Pete and Frances Nel of “Four Gates”:
May 4 – The 3 Southern Ground Hornbills sauntered through the sheep paddock in front of the house; I locked the dogs in the house and ran outside… but I nearly stepped on them in the long grass ….. looking for them in the wrong direction. They took off toward the gum trees near the dam, where the Grey Crowned Cranes usually nest, and were walking around there. According to an employee, there are SIX of them around in that same vicinity on most days!! Three Blue Cranes seen by Christopher in the field near the house.
Barry and Kirsten Cromhout of “Boston Garage”:
On Sat 5th saw adult Serval and 3 babies crossing R617 at Boston-Bulwer Beat information signboard on the way to Howick (at timber crossing just below “Noncheza” )
Barry and Lilian Murphy of “Vista”: At the eastern small fishing dam on Mount Shannon, seven Southern Ground Hornbills seen by family on weekend of 28th April
Trevor and Cheryl Scheepers of “Lapa Lapa”:
The Barn Owl chicks are now four weeks old, all five of them, balls of fluff; some bigger than others. There are five of them but they won’t all pose at the same time… Quite comfortable in the rafters of an old shed..
Andrew, Patricia and Clint Poole on “Brooklyn” farm:
Being closer to the Drakensberg, saw 15 Eland near the farmhouse; Nightjar on the truck; lots of Porcupine; White-tailed Mongoose; many Bald Ibis in the vicinity of the Umkomaas river; two Oribi on the heights of the farm.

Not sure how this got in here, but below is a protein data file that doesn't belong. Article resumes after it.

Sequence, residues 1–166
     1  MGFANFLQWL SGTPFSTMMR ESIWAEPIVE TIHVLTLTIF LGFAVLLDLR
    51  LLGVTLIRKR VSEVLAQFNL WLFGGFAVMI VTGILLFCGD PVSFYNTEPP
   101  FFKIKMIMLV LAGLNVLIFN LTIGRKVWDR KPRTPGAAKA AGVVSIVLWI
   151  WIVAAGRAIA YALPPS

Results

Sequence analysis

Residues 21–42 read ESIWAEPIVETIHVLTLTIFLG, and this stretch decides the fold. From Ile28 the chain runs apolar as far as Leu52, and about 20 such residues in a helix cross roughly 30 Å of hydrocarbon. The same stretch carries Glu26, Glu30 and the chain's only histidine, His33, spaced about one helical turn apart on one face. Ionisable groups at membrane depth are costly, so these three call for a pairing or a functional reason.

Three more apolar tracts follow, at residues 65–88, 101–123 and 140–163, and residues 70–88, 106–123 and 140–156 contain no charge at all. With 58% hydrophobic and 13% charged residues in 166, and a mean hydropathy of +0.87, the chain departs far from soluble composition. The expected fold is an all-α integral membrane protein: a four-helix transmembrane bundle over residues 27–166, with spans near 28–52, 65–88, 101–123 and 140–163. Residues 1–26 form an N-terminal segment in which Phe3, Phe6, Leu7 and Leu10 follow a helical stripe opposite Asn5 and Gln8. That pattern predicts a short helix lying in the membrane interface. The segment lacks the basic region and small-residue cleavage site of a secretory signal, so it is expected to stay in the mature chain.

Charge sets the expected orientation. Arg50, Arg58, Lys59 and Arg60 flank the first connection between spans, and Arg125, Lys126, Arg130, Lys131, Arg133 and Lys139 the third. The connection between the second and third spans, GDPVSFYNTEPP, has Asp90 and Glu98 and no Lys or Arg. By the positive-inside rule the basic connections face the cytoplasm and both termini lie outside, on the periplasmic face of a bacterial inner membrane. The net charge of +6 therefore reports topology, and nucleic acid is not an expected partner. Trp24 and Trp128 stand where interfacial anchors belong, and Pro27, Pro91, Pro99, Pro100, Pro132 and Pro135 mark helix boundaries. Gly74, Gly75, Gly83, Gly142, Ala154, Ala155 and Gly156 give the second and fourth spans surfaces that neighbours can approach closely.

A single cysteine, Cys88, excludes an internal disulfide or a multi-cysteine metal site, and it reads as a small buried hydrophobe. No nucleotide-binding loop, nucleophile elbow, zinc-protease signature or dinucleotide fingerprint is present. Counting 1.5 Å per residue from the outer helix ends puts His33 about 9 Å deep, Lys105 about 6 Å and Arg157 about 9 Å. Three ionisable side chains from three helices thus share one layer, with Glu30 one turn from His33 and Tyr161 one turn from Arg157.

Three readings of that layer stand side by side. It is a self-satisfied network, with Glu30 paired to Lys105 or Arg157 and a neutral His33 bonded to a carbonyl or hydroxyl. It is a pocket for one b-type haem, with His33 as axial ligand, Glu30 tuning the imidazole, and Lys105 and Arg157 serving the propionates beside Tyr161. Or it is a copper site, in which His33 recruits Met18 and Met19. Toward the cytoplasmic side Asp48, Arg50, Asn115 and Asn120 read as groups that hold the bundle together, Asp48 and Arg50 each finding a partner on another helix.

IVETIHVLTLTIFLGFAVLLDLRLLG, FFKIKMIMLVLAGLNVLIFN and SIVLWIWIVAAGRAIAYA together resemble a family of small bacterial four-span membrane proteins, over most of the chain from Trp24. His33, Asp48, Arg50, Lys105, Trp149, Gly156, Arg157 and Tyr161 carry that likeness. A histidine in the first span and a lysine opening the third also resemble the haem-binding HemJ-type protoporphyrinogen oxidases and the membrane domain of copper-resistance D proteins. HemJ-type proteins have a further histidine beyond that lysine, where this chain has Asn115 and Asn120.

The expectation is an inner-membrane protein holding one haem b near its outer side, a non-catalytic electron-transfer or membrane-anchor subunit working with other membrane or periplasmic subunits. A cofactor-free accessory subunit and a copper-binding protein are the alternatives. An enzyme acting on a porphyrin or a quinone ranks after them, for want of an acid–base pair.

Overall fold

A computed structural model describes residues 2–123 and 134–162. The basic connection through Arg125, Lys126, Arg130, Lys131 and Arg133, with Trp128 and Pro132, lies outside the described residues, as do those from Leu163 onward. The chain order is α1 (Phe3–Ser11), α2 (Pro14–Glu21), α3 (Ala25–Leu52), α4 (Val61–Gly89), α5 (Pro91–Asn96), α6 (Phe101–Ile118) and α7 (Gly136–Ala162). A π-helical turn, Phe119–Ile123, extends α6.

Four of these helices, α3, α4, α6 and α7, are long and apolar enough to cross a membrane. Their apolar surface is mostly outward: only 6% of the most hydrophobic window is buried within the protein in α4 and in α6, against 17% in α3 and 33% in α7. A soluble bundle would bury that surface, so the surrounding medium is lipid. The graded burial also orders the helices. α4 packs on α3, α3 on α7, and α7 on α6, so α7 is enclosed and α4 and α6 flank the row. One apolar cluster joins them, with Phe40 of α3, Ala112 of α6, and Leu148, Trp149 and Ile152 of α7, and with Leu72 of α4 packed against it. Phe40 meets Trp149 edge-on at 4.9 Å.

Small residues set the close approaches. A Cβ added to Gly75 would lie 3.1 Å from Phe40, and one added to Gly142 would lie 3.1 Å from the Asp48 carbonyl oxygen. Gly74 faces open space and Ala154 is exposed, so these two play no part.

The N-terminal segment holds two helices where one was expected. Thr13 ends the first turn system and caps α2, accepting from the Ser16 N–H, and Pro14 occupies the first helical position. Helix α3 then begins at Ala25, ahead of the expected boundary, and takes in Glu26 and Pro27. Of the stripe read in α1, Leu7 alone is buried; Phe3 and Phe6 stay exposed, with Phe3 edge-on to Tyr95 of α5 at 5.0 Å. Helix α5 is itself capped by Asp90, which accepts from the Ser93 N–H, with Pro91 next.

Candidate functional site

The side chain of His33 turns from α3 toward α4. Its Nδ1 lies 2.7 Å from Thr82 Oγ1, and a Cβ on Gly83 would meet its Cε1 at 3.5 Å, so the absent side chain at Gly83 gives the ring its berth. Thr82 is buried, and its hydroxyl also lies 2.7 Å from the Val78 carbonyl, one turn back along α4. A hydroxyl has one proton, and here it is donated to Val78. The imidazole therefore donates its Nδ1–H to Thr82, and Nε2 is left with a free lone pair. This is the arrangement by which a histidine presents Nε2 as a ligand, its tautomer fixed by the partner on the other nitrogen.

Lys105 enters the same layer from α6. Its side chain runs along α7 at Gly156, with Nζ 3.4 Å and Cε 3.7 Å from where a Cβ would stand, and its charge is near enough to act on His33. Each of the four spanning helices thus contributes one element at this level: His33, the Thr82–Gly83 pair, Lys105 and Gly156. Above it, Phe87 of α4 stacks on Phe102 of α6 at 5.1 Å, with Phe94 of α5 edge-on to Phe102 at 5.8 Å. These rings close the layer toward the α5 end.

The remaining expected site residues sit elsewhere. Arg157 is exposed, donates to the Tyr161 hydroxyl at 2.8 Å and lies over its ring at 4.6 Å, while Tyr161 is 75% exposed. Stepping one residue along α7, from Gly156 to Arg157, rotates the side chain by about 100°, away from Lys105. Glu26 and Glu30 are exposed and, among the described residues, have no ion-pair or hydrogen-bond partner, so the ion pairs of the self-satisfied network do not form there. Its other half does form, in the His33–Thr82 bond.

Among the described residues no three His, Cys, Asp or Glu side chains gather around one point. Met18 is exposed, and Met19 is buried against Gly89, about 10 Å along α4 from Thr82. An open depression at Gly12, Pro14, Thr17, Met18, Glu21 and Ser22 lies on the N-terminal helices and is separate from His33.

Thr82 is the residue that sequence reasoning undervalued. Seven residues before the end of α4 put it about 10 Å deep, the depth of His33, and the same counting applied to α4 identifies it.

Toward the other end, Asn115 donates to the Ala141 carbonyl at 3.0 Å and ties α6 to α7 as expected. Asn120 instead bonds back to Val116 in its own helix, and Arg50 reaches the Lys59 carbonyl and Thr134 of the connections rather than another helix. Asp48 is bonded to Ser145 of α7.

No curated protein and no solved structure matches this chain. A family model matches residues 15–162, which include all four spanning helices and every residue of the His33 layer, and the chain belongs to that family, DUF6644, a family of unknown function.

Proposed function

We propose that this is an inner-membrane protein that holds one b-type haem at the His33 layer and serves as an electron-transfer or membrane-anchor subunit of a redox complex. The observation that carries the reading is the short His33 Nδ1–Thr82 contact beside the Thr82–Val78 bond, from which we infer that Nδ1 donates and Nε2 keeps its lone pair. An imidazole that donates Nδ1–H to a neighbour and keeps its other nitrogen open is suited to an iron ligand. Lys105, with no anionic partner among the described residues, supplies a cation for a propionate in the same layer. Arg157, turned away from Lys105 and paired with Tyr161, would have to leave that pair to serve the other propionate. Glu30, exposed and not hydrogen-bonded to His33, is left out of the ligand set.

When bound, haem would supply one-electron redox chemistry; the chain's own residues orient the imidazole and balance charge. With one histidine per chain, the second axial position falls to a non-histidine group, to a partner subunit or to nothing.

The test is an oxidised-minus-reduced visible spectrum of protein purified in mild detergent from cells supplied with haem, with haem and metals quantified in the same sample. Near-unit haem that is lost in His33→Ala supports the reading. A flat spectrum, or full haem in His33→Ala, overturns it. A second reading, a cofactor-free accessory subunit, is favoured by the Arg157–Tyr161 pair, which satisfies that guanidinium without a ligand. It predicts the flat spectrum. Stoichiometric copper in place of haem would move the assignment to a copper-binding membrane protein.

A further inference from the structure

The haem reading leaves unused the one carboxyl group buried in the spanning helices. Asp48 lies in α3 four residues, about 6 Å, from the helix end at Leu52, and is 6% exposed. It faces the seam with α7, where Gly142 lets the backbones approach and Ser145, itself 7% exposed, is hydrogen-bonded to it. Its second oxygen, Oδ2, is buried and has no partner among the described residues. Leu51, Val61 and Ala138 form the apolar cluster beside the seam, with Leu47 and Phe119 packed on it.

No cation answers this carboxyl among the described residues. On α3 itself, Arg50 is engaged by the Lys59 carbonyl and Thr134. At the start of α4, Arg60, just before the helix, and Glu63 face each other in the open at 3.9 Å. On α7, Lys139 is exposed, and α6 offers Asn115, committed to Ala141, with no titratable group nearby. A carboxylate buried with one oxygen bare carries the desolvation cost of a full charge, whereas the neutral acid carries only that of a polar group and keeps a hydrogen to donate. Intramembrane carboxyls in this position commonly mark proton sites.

Bruce and Bev Astrup of “Highland Glen”: a pair of Bokmakieries
Rob and Gail Geldart of “Boston View”:
The two Wattled Crane are around again after what seems to have been a “vacation”. There are two pairs of Secretary birds. One pair nests down below the cottages and forages in the home/cottage area. The other pair nest on a lone, thorny tree on the foot of the Nhlozane. There seem to be only two Cape Parrot visiting the Boston View home Yellow Wood trees. Fish Eagles regular visitors to our dams, calling their “African” call. Baboons and Jackal everywhere.
Dereck Hurlstone-Jones of The Rockeries”:
Porcupine; Black-backed Jackal; Common Reedbuck; Grey Duiker, eating in the driveway.
Barbara and David Clulow of “The Willows”:
Early May – Using the house as a hide and some camera zooming we spotted: a Blacksmith Lapwing, Yellow-fronted Canary, Speckled Mousebirds enjoying the morning sun, Long-crested Eagle
May 5 – a mature African Fish-Eagle rode the air waves above “The Drift., over “Gramarye” and across “Netherby”- beautiful white tail feathers as rudder. May 12 – the fifty Bald Ibis in the area, chose to circle around me on my tractor in the fields at 11.05 am until settling in the nearby stubble maize for a meal of Stalk-borer.
May 13 – visit to “Four Gates” at 6:12 am was rewarded by the three Southern Ground Hornbills in the gum trees next to the house. After watching them drink at a nearby cattle trough, they walked around the farmhouse.
Black-backed Jackal at 6 am on “Four Gates”
May 20 – the weather may be dull, chill and wet, but that does not dampen the trills and squawks of the pair of Bokmakieries outside the window or the Cardinal Woodpecker on the gate post.
Cape Parrot Count in Boston – evening of 5th & dawn of 6th May
Two Cape Parrots were seen both evening and morning at Boston View; one was seen and numbers were heard at Impendle Nature Reserve in morning; none at all were seen or heard on hillside below the ridge, above Flemington, but returning home in the dark: a Bushbuck, a Water Mongoose, a very young Duiker, a Scrub Hare. Plenty of mist was also seen at dawn.
Chrystelle Wilson of “Graymarye”